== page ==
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Lethbridge Herald Newspaper Archives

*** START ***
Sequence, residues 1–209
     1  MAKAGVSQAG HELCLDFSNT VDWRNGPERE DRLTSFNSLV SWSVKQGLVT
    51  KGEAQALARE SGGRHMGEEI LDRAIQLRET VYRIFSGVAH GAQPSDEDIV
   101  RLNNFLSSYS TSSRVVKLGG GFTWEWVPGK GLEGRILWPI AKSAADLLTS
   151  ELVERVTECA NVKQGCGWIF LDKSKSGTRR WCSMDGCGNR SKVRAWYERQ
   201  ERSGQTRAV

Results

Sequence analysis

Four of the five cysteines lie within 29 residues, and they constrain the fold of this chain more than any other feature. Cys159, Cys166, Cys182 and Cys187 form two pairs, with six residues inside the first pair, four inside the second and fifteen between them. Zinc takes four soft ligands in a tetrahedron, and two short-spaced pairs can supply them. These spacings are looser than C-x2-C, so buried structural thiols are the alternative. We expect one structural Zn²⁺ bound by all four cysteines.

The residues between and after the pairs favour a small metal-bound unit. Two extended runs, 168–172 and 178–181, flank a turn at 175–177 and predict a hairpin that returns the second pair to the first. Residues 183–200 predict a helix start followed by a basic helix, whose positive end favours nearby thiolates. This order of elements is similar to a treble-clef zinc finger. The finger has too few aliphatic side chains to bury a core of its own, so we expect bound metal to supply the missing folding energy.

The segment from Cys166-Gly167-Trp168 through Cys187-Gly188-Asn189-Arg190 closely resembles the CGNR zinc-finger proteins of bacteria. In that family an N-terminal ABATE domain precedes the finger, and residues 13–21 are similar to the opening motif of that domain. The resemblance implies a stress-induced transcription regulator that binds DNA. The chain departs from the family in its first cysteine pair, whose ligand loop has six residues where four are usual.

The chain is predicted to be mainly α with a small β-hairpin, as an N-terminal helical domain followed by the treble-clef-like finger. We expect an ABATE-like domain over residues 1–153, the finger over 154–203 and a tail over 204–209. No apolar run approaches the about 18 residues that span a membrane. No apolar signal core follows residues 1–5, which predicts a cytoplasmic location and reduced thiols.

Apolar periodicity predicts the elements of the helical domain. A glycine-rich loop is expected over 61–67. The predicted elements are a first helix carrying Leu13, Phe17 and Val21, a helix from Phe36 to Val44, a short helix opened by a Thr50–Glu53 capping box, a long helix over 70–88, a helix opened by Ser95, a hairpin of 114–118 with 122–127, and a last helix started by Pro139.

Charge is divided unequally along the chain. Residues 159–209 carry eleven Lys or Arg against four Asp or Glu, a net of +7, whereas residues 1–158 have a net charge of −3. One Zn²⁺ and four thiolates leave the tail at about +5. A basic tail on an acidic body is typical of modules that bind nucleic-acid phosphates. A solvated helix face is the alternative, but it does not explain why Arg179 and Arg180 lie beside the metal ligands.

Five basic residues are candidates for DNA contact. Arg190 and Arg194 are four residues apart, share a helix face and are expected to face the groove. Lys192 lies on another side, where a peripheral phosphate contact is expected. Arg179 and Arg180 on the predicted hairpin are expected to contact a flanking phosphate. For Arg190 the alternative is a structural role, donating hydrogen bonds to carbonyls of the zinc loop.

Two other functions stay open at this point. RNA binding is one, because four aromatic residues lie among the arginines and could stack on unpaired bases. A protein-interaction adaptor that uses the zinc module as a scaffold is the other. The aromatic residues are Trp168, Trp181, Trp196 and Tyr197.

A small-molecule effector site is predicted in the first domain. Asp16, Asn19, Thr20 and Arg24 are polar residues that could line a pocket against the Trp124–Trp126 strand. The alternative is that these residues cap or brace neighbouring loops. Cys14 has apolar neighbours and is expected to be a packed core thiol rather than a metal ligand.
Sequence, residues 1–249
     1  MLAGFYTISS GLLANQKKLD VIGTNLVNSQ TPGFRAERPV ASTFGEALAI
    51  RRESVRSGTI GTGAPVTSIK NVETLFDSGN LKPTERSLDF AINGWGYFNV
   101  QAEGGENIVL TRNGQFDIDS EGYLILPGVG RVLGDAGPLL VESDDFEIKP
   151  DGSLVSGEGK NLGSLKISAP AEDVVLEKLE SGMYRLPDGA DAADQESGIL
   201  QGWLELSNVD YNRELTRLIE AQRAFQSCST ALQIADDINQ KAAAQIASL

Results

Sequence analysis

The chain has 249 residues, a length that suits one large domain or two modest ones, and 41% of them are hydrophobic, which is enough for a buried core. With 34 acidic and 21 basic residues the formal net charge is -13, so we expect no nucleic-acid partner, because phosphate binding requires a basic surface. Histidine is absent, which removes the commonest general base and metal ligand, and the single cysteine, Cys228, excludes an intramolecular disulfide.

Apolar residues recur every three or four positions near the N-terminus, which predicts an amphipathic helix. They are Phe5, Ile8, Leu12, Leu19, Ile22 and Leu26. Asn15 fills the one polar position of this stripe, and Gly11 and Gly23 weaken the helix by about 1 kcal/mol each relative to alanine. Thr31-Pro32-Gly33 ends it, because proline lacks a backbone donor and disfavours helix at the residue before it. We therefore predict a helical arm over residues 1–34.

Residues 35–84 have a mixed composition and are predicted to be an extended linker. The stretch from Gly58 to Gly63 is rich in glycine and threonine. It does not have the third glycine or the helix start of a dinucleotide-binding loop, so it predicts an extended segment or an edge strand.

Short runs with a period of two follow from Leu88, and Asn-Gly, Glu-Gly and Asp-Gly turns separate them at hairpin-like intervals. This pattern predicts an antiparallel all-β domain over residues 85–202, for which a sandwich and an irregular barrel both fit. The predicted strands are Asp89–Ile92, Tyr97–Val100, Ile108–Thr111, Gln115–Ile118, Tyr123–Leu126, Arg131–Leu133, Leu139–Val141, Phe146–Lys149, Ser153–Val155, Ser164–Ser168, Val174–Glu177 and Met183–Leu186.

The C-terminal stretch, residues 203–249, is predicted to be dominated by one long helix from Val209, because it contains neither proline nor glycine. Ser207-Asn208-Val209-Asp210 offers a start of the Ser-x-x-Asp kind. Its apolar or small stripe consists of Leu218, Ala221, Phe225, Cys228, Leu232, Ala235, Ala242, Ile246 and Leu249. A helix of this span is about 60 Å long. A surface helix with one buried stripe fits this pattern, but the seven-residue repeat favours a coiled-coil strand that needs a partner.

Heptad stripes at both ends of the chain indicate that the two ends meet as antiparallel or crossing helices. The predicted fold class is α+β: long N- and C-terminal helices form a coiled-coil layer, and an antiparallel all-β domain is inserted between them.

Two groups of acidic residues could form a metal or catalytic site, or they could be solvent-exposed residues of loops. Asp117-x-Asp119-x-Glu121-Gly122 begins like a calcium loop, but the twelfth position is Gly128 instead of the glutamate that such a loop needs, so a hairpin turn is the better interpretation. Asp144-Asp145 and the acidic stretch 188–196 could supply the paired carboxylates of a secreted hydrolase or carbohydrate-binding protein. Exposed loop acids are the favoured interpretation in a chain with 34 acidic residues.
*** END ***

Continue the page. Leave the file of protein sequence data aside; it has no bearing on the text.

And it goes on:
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Lethbridge Herald, The (Newspaper) - June 1, 1912, Lethbridge, Alberta 1012 THE LETJIBRTDGIJ DAILY HERALD Page 13 FACTORY GIRL GIVES UP Too Sick to Work Advised Operation. Rc- to Health by 'LydiaE.Pinkham'ft v Compound. Poughkeepsie, N Y.-" I run a new-' ing machine ma large factory tvnd got- all run down. I had to" give up work for I could not stand'the pains in my. back. The doctor said I needed an operation female trouble but Lydin' E. Pinkham's Vegetable Compound helped me more than the doctors djd. I hope that every who is suffering will get the Compound. My.. pains, nervousness and i backache are gone and I1 j have gained five pounds.- I y natural forces vitmn and without ho .object of production, he causes vitti-r in jisKtlme a form. which fits it. or better rits it, for human needs SOi.too, tho the places, of things from where they are less .useful, or holds them in one place change of external circum- stances gives them greater time util- ity. He-Is producing utilities as truly as Is the farmer or the manufacturer." Adam Smith in his "Wealth of Na- tions" says capital of the retailer replaces, together with its profits, that of the jobber of whom he purchases goods, and thereby enables him to continue his business. .The retaile himself is1 the only productive laborer whom it immediately employs. ,In his profits consists whole value which its employment adds to the annua' produce of the' land and labor of so ciety. In times o-f advancing .prices the retail merchant has always come in for more than Ills share of criticism. Many years ago the retail merch- ants of England were criticized in much tho same way as retail merchants of the United States are criticized1 today, and Adam Smith an- swered those charges then In these words: "Besides possessing a little capital, tho retail merchant must be ablu to read, write and account, an'.! must be a tolerable judge, too, of per- haps fifty or sixty different sorts of goods, their prices, qualities and the markets where they arc to be had cheapest. Ho must have alt the know- lodge. In short, that is necessary for great merchant, which nothing hin- ders him Irom becoming but the want of n sufficient capital. Thirty or forty pounds a year cannot be conHldere.d as too grout recompense1 for the lab of a person so. accomplished, Dcd this from tlie seemingly grciil. prof] of Ills uupltul and little more will i main, perhaps, than tho ordinary pr fits of stock. The greater part, of tl apparent, prof 11 is, in this case to real wages." Perhaps; many elements enter in the increased cost of living, but Hie is much in the- statement of Preside Hill of the Great'Northern Itailroa that it is not so much a (jucstion the'high cost of living as It is "tl cost of high living." This statement of Mr1. Hill's is enforced by the following table shot ing tho increased per capita consum lion of the necessaries c life: Raw cotton 22.57 Ibs. Wheat -1.7-i bus G.22 Corn ...24.44'bus :29.71 bus Ibs. S2.2-1 Ibs. Coffee Ibs. Tea......1.01) Ibs. Ibs.. Distilled spirits 1.27 pf. gal. 1.37 pf. ga liquors 16.01 gal 1SJ.70 gal Wines ..40 gal .70 gaj Raw wool.. 5.72 Ibs. Ibs. Ricardb, French po: tical economist, says: "It is the COP of production'which must ultimatel regulate the price of commodities, an not, as has. been' often the prt portipu between supply and derrianc the proportion .jbetween supply an demand may, indeed, for a time, a feet the market value of a commod ity, until' it is supplanted in greate or less abundance, according as th demand may have increased "or d ininished: -but this effect will be on! of temporary duration. A glance at the figures showin the increase in wages, in general pense and in the cost of; material for manufacturing goods in 19dO in WOo will make" clear what an imppr ant factoi the increased cost of pro duction has-been' in increasing th cost of goods to the present -high prices. 1900 12000 3 ages General expense 90o GOO 1 3o531f) 1 Cqst of material It must he clear to any student o- the subject that the inwnsed. coat o production oft farm and in factory nn .not the method of .distribution is on of the important factors in the in creaseU .cost of Jiving. Tlie. retail merchant is an gssentia a necessary factor in production am yet he could no serve his trade to the.best advantagi and, conduct his business at a prof! without the jobber. Success in retailing depends upon tho ability of the merchant to Keej the dollars working all of tho to give tho dollar its highest working power in giving every dollar in th rapidlj The increase has been much greater than the-, increase of the volume of commodities ivliich are bought ind ssold in the mukets This means that gold relation the things which we buy. .hat be- come more plentiful, that an. ounce of gold not fn m n r-1 ns formerly. It means that we cm not buy as much with, an ounce ol gold us formerly. The an mml output of the earth's gold mines more than four times, what it was i few years ago. There Has Been a World-Wide 60-Per Cent. Rise In PrjcesV The general level of prices is about 10 per cent, higher than it wo3 it. It 1ms risen in .Europe and in he United Suites, in about the same As compared with we re now using a G2 dollar. The general condemnation .of ,the vholesaler and th-a retailer as. being he cause of tho high cost of living irrational and baseless. were business twenty-five years ago jusi vigorously as now and prices teadlly fell Cor years, Tho retailor nd wholesaler-are selling goods f.O' ay closer than they were ten years is absolutely no evidence iiat their present profit is .now larg- r than it was in ISflfi. On. the con- retry, many retailers arc in serious istress because their trade in many rticlcs is declining and customers e criticizing their high prices. That the rise of-prices pan-not be ue to the retailers wholesalers the present method of.distrlbu- be evident lo any man hen he considers that the rise ui rices is a world-wide -phenomenon. The people a! .Canada, of England nd of all other countries where gold used as money ar-3 suffering as we in the United States from the in- rease in cost of living, and tho great ajority of the people in those coun- ies, like the majority of the Ameri- n peopl-e, are blaming the local adesrnen and lornl conditions rather the real unprccy-, ented increase in the supply of sold. CHICAGO PAPERS STILL IN TROUBLE Chicago, June broke out anew last night in the newspaper strike On a, era Ad of union newsboys' attacked an unidentified" boy wlio tfellliie pa pers printed by non-union preismen, and only the timely arrival of -tv-'o po- licemen j ed him from a, severe beating. The police held the crowd back until a newspaper truck carried the attacked and dib crowd. William 'Karnitachnigg, a'tinion sym pathixe-r, attacked Lieut. -John Dar- row. He was arrested. BISHOP FOR RUTHENIANS Catholic Re- gister of tomorrow's date will forecait the appointment by the Vatican of ;a Greek Canadian bishop Cor the Ruth- enians, with his episcopal seat at Saskatoon, in the diocese of Prince Albert. The-name of Mons. Fascall mentioned in connection with the appointment WILL, GET. COMPENSATION Compensation, ot fo all men discharged from the Can: adian on account of injuries or by the service. W. H. JONES Manager of the Canadian Bank of Commerce in London, England MY FREE TRIAL TREATMENT MAY CURE YOU n, Ont.. Juno Clli. i- ustnB the 10 dAJs' trcat- tlint i.will nol.reritili-e an? h sincn stopped using tho Dcrir Mrs tee] nn vrry rnurli hfi'tur mi of OltANCI-: LII.Y you r.-i-ri kind enoiiRli lo more. In fuel. 1 feel cr.tlroly wfll, and. It is now u Similar .letters to tho above n.rc_npt infrequent, though.'of course, who havi tin! i suffered will PKANGK tonsrer Minn tlif Trial Trcaintcnt In cn'dcr to effect n i-otiiplote cure, lint In cvfiry.'caae they will lit- pfTL-oplIbly hcncflted. Kurther. the hcncilt will pnrmnB- cut wht-ther tliey conthiuo to ORAN'GK IJT.Y or nf. It Is not' tahcn fntprnally, nml doos not con- tain any alcohol nt- otltcr stimulant, ll f3 nn iippllcd trcatnienl. anct artft dlrpcllv on tho suffftrlnp or- Itans In all of wnniftll'.H